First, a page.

Kara Swisher

Recent Posts by Kara Swisher

How Many Techies Does It Take to Reelect a President? T4O Launches “Innovator Series” Videos for Obama.

A large group of tech luminaries — including LinkedIn’s Reid Hoffman, Path’s Dave Morin, JLab’s Judy Estrin, Dropbox’s Drew Houston, Craigslist’s Craig Newmark and Box’s Aaron Levie — are part of the launch of a series of online videos today aimed at talking up U.S. innovation and, in the process, touting the reelection of President Barack Obama.

The slick “Innovator Series” of about two dozen videos comes out of Technology for Obama — or T4O, for short — and plans to feature daily short interviews with entrepreneurs and tech execs. Along with touting the need for innovation, the group talks about their “personal lessons of success and failure,” which then sidles politically into “their views on why they believe President Obama is the right leader for increasing innovation and moving the country forward.”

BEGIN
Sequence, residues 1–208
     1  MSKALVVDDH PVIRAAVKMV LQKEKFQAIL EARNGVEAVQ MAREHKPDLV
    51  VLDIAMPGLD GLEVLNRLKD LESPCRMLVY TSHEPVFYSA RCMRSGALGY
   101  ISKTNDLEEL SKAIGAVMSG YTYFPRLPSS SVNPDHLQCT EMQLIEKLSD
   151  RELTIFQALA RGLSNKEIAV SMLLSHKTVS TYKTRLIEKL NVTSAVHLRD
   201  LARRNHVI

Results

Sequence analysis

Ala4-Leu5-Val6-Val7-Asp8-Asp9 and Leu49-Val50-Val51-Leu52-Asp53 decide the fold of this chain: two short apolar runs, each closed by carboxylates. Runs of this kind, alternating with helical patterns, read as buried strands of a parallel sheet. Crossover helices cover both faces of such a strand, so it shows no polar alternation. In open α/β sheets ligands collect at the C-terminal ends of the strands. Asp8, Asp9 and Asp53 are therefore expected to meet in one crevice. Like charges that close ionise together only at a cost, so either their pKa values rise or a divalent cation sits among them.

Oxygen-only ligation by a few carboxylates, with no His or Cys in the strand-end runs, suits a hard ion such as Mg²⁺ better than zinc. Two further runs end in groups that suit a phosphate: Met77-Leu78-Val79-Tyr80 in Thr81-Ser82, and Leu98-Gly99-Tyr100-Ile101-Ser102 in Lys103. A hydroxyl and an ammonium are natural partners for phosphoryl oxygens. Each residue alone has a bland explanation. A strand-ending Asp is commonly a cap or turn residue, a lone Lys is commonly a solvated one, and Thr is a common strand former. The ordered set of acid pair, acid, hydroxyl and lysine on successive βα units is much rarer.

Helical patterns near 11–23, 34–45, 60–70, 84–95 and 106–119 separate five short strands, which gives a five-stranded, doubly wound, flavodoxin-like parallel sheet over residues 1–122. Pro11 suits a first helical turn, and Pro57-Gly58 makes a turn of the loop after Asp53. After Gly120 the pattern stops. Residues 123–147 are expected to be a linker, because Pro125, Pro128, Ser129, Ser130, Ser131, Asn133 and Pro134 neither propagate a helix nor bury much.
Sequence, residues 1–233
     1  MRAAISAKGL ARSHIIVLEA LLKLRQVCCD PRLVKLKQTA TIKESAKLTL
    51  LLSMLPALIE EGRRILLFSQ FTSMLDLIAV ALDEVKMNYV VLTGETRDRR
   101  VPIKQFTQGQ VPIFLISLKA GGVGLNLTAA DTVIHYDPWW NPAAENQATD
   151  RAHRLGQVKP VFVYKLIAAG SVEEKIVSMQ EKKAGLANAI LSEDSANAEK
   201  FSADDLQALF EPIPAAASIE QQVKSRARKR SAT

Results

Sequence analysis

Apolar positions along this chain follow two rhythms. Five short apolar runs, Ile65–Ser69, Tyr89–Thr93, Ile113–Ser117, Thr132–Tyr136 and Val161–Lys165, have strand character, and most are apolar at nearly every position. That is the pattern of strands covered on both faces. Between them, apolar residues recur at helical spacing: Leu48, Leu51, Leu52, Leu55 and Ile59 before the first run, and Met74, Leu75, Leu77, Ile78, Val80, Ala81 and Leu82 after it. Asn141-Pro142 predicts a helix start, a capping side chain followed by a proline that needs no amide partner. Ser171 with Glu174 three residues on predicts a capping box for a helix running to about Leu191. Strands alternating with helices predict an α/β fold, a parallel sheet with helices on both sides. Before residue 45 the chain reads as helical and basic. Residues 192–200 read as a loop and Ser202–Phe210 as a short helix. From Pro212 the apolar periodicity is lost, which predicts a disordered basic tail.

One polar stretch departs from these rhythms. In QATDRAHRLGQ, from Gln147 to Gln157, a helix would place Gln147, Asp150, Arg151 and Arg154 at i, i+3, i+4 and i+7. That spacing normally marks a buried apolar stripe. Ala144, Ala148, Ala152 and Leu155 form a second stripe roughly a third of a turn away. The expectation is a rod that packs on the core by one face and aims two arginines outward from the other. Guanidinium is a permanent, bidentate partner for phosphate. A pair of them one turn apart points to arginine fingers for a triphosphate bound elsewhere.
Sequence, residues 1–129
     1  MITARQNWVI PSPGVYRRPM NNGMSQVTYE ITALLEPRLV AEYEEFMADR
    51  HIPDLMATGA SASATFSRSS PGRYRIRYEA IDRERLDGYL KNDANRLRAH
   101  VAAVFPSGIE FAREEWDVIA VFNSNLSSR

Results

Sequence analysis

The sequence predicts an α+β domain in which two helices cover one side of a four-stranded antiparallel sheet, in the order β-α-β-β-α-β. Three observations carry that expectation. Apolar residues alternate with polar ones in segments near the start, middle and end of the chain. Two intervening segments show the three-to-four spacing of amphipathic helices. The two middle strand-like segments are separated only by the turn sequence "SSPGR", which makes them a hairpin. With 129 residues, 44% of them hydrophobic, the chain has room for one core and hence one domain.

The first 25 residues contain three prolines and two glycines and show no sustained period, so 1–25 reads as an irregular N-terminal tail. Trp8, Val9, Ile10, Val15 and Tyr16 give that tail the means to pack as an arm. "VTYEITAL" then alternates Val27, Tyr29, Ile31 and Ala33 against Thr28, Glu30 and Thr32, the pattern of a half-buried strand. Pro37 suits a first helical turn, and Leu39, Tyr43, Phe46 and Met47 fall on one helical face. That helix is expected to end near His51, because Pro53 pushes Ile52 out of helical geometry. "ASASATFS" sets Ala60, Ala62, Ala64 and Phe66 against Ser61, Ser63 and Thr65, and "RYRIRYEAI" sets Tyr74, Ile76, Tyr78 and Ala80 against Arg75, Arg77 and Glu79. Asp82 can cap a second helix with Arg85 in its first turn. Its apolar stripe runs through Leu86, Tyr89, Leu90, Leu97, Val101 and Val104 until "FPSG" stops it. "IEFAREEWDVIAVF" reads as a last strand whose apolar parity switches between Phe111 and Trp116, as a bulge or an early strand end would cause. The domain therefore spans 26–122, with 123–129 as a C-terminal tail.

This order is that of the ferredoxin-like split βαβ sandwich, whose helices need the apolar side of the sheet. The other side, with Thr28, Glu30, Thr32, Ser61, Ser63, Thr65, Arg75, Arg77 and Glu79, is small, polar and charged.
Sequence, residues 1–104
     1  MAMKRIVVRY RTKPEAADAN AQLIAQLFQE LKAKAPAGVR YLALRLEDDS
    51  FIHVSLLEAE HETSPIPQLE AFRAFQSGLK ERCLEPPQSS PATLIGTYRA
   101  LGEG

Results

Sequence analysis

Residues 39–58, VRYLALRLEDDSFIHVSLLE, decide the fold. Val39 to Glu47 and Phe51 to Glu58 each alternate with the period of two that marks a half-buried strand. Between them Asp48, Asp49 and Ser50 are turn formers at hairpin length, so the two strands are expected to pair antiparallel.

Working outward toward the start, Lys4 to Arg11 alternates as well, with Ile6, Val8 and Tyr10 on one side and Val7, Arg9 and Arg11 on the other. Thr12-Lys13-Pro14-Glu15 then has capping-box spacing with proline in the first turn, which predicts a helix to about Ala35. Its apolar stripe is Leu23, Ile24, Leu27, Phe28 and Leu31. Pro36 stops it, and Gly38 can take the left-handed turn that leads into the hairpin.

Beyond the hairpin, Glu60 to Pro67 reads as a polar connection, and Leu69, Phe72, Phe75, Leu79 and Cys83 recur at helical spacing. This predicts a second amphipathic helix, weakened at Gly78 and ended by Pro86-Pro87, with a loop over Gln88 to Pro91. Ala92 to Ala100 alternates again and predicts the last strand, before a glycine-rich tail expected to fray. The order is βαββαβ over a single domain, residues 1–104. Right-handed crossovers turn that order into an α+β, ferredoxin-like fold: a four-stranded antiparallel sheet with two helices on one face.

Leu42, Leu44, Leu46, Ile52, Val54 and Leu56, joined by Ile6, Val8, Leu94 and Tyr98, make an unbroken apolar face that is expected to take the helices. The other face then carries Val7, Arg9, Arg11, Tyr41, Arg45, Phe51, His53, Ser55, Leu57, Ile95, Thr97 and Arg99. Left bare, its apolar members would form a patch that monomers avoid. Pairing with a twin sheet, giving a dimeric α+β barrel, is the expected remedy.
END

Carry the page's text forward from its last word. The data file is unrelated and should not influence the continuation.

The patter is in that vein, such as this quote from Hoffman:

“Innovation is our key differentiator in terms of competitive business model of the U.S. in the world. We need to continue to attract the best people to build interesting businesses, products, services here.”

CNET co-founder and former CEO Shelby Bonnie, who recently joined investment firm Allen & Co., did most of the interviews for the T4O effort.

“Each of us was looking at what we could do and found that this group had a deep-seated belief in the importance of innovation and ability to innovate in this country,” he said of the video offerings, which were shot mostly out of the Obama campaign offices in San Francisco. “The consistent theme we wanted to get out is that President Obama gets that and believe in innovation.”

No word yet on what GOP geeks — such as Hewlett Packard’s Meg Whitman or Cisco’s John Chambers — are up to for former Gov. Mitt Romney — but until then, here is a sizzle reel of the T4O interviews:


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The problem with the Billionaire Savior phase of the newspaper collapse has always been that billionaires don’t tend to like the kind of authority-questioning journalism that upsets the status quo.

— Ryan Chittum, writing in the Columbia Journalism Review about the promise of Pierre Omidyar’s new media venture with Glenn Greenwald